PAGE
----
New nano-‘tracking devices’ allow doctors to visualize stem cells inside hearts

Heart stem cell therapy after a major heart attack holds the promise of helping to repair severely damaged cells by encouraging the growth of new ones. However, the process which involves infusing healthy stem cells into the heart to replace the damaged tissue has had limited success in clinical trials.

In order to get the most benefit from heart stem cell treatment, it is essential for doctors to properly place the cells in the heart. But, once the stem cells are injected, its difficult to determine exactly where they wind up, and many scientists believe faulty placement is ultimately the culprit of the therapys disappointing results.

Now, that problem could be potentially solved with a new visualization technique developed by Dr. Sam Gambhir and fellow researchers at Stanford University School of Medicine in California. Their study, published in Science Translational Medicine, details the invention of silica nanoparticles, which can be injected inside stem cells, acting as tiny tracking devices that allow doctors to see the stem cells path inside the body.

According to the studys researchers, the most encouraging results from heart stem cell therapy have been seen after bypass surgery, which is done right after a patient has suffered a heart attack. If performed correctly, stem cell injections can encourage new cell proliferation and help increase blood flow up to 10 percent.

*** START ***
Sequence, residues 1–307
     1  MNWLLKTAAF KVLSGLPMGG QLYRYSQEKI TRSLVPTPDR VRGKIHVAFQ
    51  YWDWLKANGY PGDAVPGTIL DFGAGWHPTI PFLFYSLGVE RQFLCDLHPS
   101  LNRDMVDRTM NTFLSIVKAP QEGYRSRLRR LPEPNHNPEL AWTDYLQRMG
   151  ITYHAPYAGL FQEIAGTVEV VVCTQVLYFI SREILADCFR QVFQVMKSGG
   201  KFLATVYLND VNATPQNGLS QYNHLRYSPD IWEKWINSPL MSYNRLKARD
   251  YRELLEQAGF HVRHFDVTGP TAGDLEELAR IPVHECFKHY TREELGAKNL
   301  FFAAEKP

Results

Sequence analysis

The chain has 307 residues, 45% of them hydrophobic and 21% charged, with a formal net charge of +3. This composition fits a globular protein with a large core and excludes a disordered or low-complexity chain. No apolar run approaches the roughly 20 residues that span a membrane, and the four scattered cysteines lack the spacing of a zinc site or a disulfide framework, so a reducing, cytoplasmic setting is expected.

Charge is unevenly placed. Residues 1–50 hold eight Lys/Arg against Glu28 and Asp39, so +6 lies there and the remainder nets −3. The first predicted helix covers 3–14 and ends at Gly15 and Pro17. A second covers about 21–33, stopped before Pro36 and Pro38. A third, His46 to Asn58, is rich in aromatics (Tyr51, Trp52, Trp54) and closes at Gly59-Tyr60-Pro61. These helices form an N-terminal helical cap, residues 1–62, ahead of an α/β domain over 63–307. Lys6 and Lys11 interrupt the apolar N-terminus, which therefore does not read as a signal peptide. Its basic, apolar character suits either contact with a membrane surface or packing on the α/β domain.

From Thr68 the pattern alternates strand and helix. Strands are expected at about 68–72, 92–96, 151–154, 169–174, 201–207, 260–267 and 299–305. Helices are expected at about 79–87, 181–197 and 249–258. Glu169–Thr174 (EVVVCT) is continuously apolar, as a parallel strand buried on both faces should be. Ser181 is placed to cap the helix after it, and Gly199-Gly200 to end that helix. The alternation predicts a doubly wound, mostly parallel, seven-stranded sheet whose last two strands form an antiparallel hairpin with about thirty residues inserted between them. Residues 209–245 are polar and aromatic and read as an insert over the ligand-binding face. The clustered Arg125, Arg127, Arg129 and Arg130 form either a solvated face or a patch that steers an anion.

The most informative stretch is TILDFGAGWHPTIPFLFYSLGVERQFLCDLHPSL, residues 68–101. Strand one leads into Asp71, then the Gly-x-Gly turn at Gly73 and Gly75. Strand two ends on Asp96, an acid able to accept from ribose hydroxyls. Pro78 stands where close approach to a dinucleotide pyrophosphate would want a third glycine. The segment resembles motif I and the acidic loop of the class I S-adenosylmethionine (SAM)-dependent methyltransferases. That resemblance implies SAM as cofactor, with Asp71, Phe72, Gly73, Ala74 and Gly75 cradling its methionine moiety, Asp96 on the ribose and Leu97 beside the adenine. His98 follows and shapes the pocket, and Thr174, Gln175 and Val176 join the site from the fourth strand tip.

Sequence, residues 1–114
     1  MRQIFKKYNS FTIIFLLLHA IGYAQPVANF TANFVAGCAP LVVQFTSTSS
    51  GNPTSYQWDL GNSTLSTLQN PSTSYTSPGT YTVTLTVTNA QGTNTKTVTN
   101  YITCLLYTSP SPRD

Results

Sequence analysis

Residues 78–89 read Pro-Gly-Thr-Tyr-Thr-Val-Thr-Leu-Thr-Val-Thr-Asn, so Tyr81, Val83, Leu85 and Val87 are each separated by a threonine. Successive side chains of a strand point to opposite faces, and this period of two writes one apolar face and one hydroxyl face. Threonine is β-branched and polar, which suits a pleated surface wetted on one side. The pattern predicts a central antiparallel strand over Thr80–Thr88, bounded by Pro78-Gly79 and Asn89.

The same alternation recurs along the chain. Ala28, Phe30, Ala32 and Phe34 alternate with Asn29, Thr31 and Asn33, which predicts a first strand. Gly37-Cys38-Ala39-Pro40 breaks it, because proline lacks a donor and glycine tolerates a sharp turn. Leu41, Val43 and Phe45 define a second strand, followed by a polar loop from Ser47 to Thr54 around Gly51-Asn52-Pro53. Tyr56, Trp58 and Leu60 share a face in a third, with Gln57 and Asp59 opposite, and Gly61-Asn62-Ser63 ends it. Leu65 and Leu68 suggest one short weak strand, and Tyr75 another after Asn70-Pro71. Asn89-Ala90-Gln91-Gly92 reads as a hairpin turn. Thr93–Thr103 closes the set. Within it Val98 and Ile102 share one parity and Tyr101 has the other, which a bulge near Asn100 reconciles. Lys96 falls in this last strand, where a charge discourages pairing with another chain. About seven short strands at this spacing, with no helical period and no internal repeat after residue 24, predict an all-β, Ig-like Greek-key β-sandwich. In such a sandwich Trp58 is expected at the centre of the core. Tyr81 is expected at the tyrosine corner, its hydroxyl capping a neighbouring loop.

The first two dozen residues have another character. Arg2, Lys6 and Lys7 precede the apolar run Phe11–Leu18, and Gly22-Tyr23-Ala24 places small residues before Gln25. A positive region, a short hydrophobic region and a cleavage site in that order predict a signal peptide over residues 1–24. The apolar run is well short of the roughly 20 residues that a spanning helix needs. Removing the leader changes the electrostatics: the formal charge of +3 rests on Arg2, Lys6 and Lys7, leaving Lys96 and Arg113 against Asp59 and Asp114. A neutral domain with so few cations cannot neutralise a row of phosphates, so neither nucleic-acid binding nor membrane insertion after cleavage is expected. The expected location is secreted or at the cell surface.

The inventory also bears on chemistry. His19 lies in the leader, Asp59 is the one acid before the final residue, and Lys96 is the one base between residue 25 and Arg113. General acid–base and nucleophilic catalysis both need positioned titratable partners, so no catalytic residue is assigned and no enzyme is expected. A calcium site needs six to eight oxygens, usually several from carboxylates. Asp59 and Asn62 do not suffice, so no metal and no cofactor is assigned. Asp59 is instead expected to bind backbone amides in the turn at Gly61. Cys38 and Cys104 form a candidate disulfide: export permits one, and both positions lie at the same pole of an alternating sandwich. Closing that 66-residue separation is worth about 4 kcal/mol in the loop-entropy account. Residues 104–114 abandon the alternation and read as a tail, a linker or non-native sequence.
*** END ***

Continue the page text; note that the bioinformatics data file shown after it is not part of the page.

To get the most benefit, doctors have to find the perfect place in which the cells will do the most work.

The best place is the region (in the heart) between the damaged tissue and the healthy tissue, Jesse Jokerst, a postdoctoral fellow in the Stanford Molecular Imaging Scholars Program and one of the studys authors, told Thats where the most therapeutic benefit can occur. When placed there, the stem cells can take advantage of the blood flow in the healthy region, but can effect a change in the diseased region.

In order to determine where to place the cells, physicians currently take images of the heart through magnetic resonance imaging (MRI) one image before the injection to estimate placement, and a second image after the injection to see how the cells have developed. But the time period between the capture of those pictures leaves a lot to be desired, as the stem cells do not have a unique signature that allows doctors to differentiate between them and the normal heart cells.

Feeling somewhat blind, the doctors have many questions once the stem cells are injected. Did they reach their intended target? Did they remain at the heart wall? How many cells actually stayed and how many diffused or died? Inevitably, the doctors have to wait weeks following the stem cell injection to get their questions answered, by observing if heart function improved.

Making a stem cell 'movie'

Frustrated by those time constraints, the researchers realized all their questions could be answered a lot faster and much more accurately through ultrasound imaging.

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New nano-'tracking devices' allow doctors to visualize stem cells inside hearts

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